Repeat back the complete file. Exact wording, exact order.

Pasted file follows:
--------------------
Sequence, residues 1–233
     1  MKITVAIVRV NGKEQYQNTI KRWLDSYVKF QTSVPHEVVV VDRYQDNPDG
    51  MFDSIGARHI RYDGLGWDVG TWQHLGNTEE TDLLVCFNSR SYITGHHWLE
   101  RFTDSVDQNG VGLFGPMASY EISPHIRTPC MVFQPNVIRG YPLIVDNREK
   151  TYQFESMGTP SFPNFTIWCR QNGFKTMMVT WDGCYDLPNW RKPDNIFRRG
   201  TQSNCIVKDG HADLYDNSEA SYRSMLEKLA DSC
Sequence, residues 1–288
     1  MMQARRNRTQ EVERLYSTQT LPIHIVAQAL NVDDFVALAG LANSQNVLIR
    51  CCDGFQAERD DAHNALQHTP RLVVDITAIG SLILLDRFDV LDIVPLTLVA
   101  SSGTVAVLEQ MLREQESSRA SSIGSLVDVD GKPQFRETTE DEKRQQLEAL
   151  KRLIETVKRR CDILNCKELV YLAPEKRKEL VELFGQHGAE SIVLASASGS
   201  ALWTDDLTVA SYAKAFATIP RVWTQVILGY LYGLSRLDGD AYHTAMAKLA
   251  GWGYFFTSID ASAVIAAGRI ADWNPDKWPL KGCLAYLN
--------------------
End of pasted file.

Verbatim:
Sequence, residues 1–233
     1  MKITVAIVRV NGKEQYQNTI KRWLDSYVKF QTSVPHEVVV VDRYQDNPDG
    51  MFDSIGARHI RYDGLGWDVG TWQHLGNTEE TDLLVCFNSR SYITGHHWLE
   101  RFTDSVDQNG VGLFGPMASY EISPHIRTPC MVFQPNVIRG YPLIVDNREK
   151  TYQFESMGTP SFPNFTIWCR QNGFKTMMVT WDGCYDLPNW RKPDNIFRRG
   201  TQSNCIVKDG HADLYDNSEA SYRSMLEKLA DSC
Sequence, residues 1–288
     1  MMQARRNRTQ EVERLYSTQT LPIHIVAQAL NVDDFVALAG LANSQNVLIR
    51  CCDGFQAERD DAHNALQHTP RLVVDITAIG SLILLDRFDV LDIVPLTLVA
   101  SSGTVAVLEQ MLREQESSRA SSIGSLVDVD GKPQFRETTE DEKRQQLEAL
   151  KRLIETVKRR CDILNCKELV YLAPEKRKEL VELFGQHGAE SIVLASASGS
   201  ALWTDDLTVA SYAKAFATIP RVWTQVILGY LYGLSRLDGD AYHTAMAKLA
   251  GWGYFFTSID ASAVIAAGRI ADWNPDKWPL KGCLAYLN